By Drew AIles
By Taylor Boylston
By Bree Davies
By Emerald O'Brien
By Gina Tron
By Jon Solomon
By Drew Ailes
Bombs Over Baghdad
8:30 p.m. EST, Wednesday, March 19 Acting on 'fresh intelligence,' Central Command launches 36 Tomahawk cruise missiles at a bunker where it is believed Saddam Hussein may be hiding.Along a red carpet at Eighth Street and Ocean Drive, reporters await presenters and nominees at the American Dance Music Awards. The Goodyear blimp floats overhead, projecting an American flag on one side. A ticker tape on the other advertises "tires for luxury SUVs."
Although the eyes of the world are fixed on Fox News and CNN, DanceStar host Roger Sanchez predicts on camera that "a billion people around the world will be watching this show." Certainly the British television and radio crews in the media tent are less interested in the war than in the debut on the awards show of platinum-selling rapper and hip-hop entrepreneur P. Diddy's first dance single. "We're really just here for Puffy," says a kid from the BBC's music station, Radio One.
But Puffy does not appear in the media tent pitched in the sand. Only less-hyped DJs and performers file past the press, fielding questions about the awards and the war.
Miami-based DJ Tracy Young wears an American flag T-shirt. "Apart from the war, I wanted to represent American music," she smiles, her wide blue eyes sparkling. "Music always makes us happy."
Passionate beneath his dark shades and electro-shock streaked hair, progressive-house-music producer BT opposes the war. "It's disgraceful to be an American," he says. "That we can say that this war is not 100 percent about oil and money is a disgrace."
Felix da Housecat is down with that. "1-2-3-4, what the fuck are we fighting for?" he mutters. "How does that look? [Bush]'s just going into somebody's country. And then he's gonna get on TV and say, 'Don't burn the oil rigs.' I hope they burn all of them."
Veteran dance-music chanteuse Ultra Naté doesn't know what she can do about the war but sing. "You feel very powerless to change things," she admits. "You've gotta figure out for yourself: What am I going to do that will have some positive impact on the universe?"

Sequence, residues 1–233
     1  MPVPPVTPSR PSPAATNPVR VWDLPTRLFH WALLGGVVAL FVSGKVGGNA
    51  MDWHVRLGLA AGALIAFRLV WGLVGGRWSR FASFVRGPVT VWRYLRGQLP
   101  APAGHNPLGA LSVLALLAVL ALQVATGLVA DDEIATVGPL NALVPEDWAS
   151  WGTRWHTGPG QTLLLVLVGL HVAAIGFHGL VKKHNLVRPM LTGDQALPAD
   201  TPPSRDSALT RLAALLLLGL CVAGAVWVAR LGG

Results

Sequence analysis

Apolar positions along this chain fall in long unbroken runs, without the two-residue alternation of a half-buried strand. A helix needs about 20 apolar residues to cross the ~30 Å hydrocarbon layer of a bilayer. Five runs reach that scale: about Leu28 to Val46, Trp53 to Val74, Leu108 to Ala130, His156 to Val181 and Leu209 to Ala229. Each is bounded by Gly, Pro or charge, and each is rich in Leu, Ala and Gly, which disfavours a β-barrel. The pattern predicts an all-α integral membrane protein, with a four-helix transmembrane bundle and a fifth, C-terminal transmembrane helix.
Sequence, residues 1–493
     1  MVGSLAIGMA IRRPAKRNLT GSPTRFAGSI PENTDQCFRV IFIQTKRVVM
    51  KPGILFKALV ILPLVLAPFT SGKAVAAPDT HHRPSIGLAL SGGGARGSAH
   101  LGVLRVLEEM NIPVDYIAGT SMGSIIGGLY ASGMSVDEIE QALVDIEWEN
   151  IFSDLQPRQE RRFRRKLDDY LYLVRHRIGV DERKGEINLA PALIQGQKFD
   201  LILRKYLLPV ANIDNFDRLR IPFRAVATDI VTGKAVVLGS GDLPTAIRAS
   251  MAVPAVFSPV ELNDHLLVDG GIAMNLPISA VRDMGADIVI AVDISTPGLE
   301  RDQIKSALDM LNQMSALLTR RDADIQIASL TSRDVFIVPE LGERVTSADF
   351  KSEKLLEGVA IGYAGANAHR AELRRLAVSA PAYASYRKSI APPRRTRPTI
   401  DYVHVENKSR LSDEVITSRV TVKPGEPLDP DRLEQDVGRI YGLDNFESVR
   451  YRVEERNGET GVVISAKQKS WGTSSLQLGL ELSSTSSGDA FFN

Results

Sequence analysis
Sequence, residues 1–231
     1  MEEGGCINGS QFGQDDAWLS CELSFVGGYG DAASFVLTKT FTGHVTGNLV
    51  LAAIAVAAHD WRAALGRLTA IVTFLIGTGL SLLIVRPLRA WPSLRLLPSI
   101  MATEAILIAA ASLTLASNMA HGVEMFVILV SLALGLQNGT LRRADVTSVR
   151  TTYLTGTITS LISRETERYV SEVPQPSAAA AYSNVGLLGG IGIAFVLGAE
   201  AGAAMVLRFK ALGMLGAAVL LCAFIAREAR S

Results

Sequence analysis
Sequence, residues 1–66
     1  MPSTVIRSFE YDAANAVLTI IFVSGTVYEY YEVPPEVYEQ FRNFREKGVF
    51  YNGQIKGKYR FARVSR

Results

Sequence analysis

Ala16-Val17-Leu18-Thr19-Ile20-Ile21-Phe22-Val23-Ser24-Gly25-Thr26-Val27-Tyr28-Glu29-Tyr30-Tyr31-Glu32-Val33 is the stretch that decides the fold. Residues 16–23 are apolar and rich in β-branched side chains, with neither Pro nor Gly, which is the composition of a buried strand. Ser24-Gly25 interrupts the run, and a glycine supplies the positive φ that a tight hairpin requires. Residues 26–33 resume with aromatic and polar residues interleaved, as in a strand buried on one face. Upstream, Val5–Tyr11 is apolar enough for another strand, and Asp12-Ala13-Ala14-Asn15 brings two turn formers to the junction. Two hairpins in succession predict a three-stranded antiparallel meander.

The California kooks of Crystal Method already know the answer. "If we could just get George Bush and Saddam Hussein to come when we're spinning some funky breaks..." begins Ken Jordan.
Suddenly fresh intelligence flashes through the media tent. P. Diddy will grant brief interviews. Select camera crews pack up gear and move out single file through the dark, scurrying behind the stage. Half an hour later, the crews are still waiting. P. Diddy stands with his feet planted on stage in a cloud of smoke. He flails his arms, repeating frantically: "Let's get ill/Your dreams have been fulfilled."
Clusters of fireworks explode. Everyone ducks.
"Was that a bomb?" a woman backstage yells. "Are we at war?"
East German lord of the trance Paul van Dyk doesn't want to talk about his new album. Van Dyk will speak on one topic alone: his opposition to the war. "When the bombing began last night, I was asking myself, 'How can I possibly go ahead and play and enjoy myself while I know there's a totally unnecessary war killing innocent people?' The only other option would be to just stay in my hotel room and say nothing. It's my responsibility to take a stand. It's very clear: The war is wrong."
Van Dyk sports the same sky-blue "Stop the War" shirt he's worn to all public appearances this year. A few days after his early March show at the Roxy in New York City, he received "a disturbing e-mail from a rather misinformed person." A fan berated him for wearing the shirt in New York after 9/11. "How could someone who's a fan of mine have such an opinion? To really understand electronic music, you have to be cosmopolitan and open-minded. Cosmopolitan and open-minded people are definitely not in favor of this war."
WMC may prove him wrong. "To be honest, last night 90 percent of the people out in the clubs didn't even know the war had started," van Dyk points out. "It's not good, but that's the way it is in America. Otherwise the Bush administration wouldn't be able to do what they do all the time."
Two hours later, van Dyk is the guest of honor at a listening party aboard a yacht meandering across Biscayne Bay. While servers brandish trays of bruschetta and chicken satays with peanut sauce, the DJ introduces an unreleased track he says was inspired by his encounter with poverty in India. "Be aware of the world/Be true to your conscience," the guests hear through wireless headphones distributed by van Dyk's publicists. The yacht drifts in a sea of tranquility, a world away from the Persian Gulf.
10 p.m. EST, Friday, March 21 Message sent to Iraqi generals: "Surrender now and live; the outcome is not in doubt."After a long day of interviews, the Iranian-born DJ duo Deep Dish is hosting a party for its own record label, Yoshitoshi. Anything is better than sitting in the hotel room, watching CNN and getting depressed, says Ali Shirazinia. "There's nothing anyone here in Miami can do. The real reason for what's going on is only known by a few. Obviously, I hate what's happened to my country." Still, the DJ is hopeful. "Maybe inadvertently from what's going on [in Iraq], something will happen [to change Iran] from within. Change should come from within."